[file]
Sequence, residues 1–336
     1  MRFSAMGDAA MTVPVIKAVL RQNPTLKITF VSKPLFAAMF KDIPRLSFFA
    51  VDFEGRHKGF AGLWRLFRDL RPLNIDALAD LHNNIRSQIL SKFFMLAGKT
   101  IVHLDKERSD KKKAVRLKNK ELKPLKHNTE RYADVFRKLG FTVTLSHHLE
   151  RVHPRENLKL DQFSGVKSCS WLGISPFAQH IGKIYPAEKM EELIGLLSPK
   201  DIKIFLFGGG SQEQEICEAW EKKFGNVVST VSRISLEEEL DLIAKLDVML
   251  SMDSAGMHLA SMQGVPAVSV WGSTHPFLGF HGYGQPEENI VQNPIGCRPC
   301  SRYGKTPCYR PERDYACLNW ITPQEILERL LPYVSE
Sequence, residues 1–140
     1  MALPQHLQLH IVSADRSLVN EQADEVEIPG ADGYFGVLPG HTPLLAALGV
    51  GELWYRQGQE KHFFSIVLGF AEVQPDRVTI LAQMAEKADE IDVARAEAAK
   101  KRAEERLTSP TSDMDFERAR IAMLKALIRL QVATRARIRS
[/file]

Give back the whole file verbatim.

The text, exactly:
Sequence, residues 1–336
     1  MRFSAMGDAA MTVPVIKAVL RQNPTLKITF VSKPLFAAMF KDIPRLSFFA
    51  VDFEGRHKGF AGLWRLFRDL RPLNIDALAD LHNNIRSQIL SKFFMLAGKT
   101  IVHLDKERSD KKKAVRLKNK ELKPLKHNTE RYADVFRKLG FTVTLSHHLE
   151  RVHPRENLKL DQFSGVKSCS WLGISPFAQH IGKIYPAEKM EELIGLLSPK
   201  DIKIFLFGGG SQEQEICEAW EKKFGNVVST VSRISLEEEL DLIAKLDVML
   251  SMDSAGMHLA SMQGVPAVSV WGSTHPFLGF HGYGQPEENI VQNPIGCRPC
   301  SRYGKTPCYR PERDYACLNW ITPQEILERL LPYVSE
Sequence, residues 1–140
     1  MALPQHLQLH IVSADRSLVN EQADEVEIPG ADGYFGVLPG HTPLLAALGV
    51  GELWYRQGQE KHFFSIVLGF AEVQPDRVTI LAQMAEKADE IDVARAEAAK
   101  KRAEERLTSP TSDMDFERAR IAMLKALIRL QVATRARIRS